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Customizing Reinsurance and Cat Bonds for Natural Hazard Risks

  • David C. Croson
  • Howard C. Kunreuther
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    This paper has the following two objectives: to examine how reinsurance coupled with new financial instruments can expand coverage to those residing in areas subject to catastrophic losses from natural disasters, and to show how reinsurance and the catastrophe-linked financial instruments can be combined so that the price of protection can be lowered from its current level. To address these two questions we define the key stakeholders and their concerns with respect to catastrophic risks. We then construct a simple example to illustrate the relative advantages and disadvantages of catastrophe bonds and reinsurance in supporting a structure of payments contingent on certain events occurring (e.g. a severe flood in Poland or a major hurricane in Florida). On the basis of this comparison we suggest ways to combine these two instruments to expand coverage to those at risk and reduce the cost of protection. We suggest six principles for designing catastrophic risk transfer systems, and describe how they may be put into practice. The paper concludes by raising a set of questions for future research. The unexpectedly large insured losses from Hurricane Andrew in the Miami, Florida area in 1992 ($15.5 billion) and the Northridge earthquake in California in 1994 ($13.5 billion) has forced the insurance industry to reevaluate whether it can provide coverage to all property in hazard-prone areas against catastrophic losses in the future. New institutions have been created such as windstorm pools in Florida and the California Earthquake Authority (CEA) to supplement or replace traditional reinsurance. At the same time the capital markets have developed new financial instruments such as Act-of God bonds to provide protection against these large losses from natural disasters. To date, these new instruments have only made a small dent in the market for protection against the financial consequences of catastrophic events, although there is the expectation by many that they will play a larger role in the future. Our approach is to examine whether the private market can offer ways to provide financial backing to deal with these risks. More specifically, the private market can provide hedges against catastrophic risks through catastrophe-linked securities, traditional excess-of-loss reinsurance and certain customized reinsurance coverage schemes. This paper has the following two objectives: (1) to examine how reinsurance coupled with new financial instruments can expand coverage to those residing in areas subject to catastrophic losses from natural disasters, and (2) to show how reinsurance and the new financial instruments can be combined so that the price of protection can be lowered from its current level. To address these two questions we begin our analysis by defining the key stakeholders and their concerns with respect to catastrophic risks. We then construct a simple example to illustrate the relative advantages and disadvantages of catastrophe-linked securities and reinsurance in supporting a structure of payments contingent on certain events occurring (e.g. a severe flood in Poland or a major hurricane in Florida). On the basis of this comparison we suggest ways to combine these two instruments to expand coverage to those at risk and reduce the cost of protection. We suggest six principles for designing catastrophic risk transfer systems, and describe how they may be put into practice. The paper concludes by raising a set of questions for future research.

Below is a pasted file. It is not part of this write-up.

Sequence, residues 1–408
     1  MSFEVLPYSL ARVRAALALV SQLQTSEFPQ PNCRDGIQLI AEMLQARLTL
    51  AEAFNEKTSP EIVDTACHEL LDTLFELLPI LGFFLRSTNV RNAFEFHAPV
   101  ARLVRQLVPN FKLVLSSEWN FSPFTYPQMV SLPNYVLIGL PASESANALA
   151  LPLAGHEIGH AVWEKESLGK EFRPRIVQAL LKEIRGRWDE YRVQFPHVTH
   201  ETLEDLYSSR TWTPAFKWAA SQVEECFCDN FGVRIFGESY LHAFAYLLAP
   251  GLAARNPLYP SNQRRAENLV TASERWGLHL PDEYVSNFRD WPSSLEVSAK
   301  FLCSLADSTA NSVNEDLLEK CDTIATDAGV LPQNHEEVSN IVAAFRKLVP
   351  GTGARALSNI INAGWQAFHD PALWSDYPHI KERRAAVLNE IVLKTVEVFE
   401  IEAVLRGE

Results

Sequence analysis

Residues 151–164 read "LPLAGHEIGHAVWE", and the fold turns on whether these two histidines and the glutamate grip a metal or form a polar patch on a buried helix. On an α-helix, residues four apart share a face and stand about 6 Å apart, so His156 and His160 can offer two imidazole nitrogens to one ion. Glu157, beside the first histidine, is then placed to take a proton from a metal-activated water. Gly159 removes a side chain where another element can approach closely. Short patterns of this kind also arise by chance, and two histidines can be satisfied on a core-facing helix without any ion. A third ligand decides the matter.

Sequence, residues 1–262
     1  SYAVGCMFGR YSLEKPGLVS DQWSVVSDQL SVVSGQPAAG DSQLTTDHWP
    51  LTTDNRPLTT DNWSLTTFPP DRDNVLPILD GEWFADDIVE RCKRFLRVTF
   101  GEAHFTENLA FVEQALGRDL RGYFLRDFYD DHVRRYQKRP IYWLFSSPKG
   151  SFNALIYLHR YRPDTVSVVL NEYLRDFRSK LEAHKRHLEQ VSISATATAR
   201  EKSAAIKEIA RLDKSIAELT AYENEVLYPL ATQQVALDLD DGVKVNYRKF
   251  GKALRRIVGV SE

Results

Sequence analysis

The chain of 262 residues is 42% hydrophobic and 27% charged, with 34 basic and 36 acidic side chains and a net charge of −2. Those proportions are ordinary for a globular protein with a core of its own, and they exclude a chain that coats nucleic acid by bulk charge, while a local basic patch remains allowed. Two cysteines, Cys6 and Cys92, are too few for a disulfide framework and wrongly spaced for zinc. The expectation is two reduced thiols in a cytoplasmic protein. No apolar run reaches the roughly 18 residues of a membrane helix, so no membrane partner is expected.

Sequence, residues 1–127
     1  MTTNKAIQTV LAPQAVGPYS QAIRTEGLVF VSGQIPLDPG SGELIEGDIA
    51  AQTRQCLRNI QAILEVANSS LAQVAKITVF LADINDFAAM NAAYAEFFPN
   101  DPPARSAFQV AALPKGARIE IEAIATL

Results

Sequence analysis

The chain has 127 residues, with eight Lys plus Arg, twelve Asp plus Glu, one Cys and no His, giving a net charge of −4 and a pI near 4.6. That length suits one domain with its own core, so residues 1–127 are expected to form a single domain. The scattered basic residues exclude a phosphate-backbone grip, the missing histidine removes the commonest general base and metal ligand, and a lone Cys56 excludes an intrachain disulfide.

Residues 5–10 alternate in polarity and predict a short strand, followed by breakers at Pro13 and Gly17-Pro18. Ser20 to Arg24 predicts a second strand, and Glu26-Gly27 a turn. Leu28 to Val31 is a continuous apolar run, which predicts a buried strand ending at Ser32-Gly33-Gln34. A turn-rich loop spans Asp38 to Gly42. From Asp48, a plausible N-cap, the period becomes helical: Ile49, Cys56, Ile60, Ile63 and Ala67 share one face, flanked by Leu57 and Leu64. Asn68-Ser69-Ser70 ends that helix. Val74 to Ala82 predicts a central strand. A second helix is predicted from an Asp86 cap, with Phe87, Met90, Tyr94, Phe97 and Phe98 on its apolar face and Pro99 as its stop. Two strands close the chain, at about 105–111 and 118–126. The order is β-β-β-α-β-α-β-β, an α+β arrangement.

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    File URL: http://fic.wharton.upenn.edu/fic/papers/99/9934.pdf
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    Paper provided by Wharton School Center for Financial Institutions, University of Pennsylvania in its series Center for Financial Institutions Working Papers with number 99-34.

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    Date of creation: Jun 1999
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    Handle: RePEc:wop:pennin:99-34
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